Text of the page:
Captan’s close relationships don’t just extend to the staff. She credits her building’s success with self-management to fostering an open line of communication with the board, too. “They tell me what they need done and I do it,” Captan says. “I’m a direct line to all people—there’s no middle man. The board speaks to me directly so there’s no going through an agent. A close relationship with staff, board, and cooperators eliminates an in-between person.”
Self-managed or not, it’s clear that without a GM as competent as Captan, the Warbasse Houses wouldn’t fare nearly as well as they have. This is at the heart of the argument against taking the self-managed route.
Penny Wise, Pound Foolish?
The trouble self-managed buildings face is the same trouble that often plagues building boards: you’ve got non-professionals playing roles for which they may or may not be well suited or qualified. Though the utopian vision of your building running itself on the elbow grease and good intentions of its residents may be tempting when you look at your monthly management bill, is Stan from 1E really qualified to oversee the finances of a multi-unit building? The likelihood that Stan can figure it out in time for all the necessary bills to be paid, the codes to be adhered to, and all the other minutiae to be seen to is, well, not that good. (Don’t take it personally, Stan.)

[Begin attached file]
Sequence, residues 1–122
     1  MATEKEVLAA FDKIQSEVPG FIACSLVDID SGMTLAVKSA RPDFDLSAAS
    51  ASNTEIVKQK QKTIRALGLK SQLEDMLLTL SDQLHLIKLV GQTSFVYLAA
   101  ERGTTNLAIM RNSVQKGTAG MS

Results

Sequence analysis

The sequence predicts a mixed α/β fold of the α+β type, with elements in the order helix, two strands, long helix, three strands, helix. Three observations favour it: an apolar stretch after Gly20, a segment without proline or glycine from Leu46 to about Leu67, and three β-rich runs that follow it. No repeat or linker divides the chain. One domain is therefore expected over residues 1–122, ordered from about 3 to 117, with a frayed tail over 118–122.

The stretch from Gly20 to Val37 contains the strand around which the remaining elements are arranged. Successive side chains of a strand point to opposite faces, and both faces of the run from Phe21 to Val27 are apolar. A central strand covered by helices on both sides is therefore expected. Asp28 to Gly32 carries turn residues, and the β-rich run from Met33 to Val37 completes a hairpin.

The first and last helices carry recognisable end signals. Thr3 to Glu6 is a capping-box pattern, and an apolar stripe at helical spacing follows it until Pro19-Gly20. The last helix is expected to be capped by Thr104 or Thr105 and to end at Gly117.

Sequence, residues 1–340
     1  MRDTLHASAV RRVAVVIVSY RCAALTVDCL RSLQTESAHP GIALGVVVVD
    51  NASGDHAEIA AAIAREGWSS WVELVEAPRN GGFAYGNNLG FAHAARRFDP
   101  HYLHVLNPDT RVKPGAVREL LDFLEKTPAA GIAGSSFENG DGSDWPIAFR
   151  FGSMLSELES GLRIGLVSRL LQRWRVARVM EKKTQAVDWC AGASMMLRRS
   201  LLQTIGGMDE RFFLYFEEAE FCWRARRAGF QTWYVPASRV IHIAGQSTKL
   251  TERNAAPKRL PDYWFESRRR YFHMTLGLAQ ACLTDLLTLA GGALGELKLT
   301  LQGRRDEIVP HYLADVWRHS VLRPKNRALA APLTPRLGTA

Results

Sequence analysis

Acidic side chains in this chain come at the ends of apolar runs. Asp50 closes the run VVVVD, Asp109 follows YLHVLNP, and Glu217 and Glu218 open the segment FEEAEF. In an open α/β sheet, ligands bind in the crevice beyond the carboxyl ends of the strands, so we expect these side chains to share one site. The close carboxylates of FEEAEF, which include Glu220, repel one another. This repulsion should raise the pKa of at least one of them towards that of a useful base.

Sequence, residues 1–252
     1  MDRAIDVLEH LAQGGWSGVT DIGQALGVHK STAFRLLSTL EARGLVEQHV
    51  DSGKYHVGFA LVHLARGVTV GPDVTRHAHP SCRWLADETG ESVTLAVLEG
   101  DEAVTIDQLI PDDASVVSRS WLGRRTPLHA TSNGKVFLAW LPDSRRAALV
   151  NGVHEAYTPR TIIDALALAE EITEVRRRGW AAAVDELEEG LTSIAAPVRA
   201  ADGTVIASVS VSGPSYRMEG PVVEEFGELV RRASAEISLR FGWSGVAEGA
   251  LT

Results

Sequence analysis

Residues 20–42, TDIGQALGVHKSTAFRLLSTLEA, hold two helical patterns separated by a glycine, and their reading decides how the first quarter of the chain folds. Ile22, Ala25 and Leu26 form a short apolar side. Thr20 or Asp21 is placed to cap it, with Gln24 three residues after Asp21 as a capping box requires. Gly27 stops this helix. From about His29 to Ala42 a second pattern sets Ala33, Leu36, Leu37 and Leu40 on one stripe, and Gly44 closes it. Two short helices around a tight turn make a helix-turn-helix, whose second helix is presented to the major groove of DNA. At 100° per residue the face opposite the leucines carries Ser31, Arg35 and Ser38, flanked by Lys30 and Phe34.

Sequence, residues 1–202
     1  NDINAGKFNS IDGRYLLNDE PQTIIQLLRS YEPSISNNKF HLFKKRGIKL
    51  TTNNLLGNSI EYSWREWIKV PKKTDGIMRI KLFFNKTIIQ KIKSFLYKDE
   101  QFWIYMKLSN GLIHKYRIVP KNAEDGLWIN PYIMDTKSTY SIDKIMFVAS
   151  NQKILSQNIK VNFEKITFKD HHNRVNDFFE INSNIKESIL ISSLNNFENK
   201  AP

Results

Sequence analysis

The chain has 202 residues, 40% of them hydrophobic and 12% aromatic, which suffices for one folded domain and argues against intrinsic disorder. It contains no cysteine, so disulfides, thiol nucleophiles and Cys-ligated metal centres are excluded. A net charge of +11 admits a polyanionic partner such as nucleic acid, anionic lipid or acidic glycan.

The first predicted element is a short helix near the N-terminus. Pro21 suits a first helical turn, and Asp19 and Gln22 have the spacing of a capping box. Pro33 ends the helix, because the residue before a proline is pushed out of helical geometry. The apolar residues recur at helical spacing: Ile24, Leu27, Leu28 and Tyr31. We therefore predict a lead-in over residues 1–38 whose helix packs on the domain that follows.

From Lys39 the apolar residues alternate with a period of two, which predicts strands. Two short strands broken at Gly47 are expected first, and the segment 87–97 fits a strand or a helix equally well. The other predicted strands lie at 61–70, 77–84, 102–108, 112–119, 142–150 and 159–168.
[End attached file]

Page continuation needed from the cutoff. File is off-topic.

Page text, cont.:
Frank Rathbun is vice president of communications for the Community Associations Institute (CAI), a national membership organization that represents homeowner and condominium associations, providing education and resources to the both the volunteers and professionals involved in the governance and management of common-interest communities. Rathbun cautions against rushing into a self-management situation.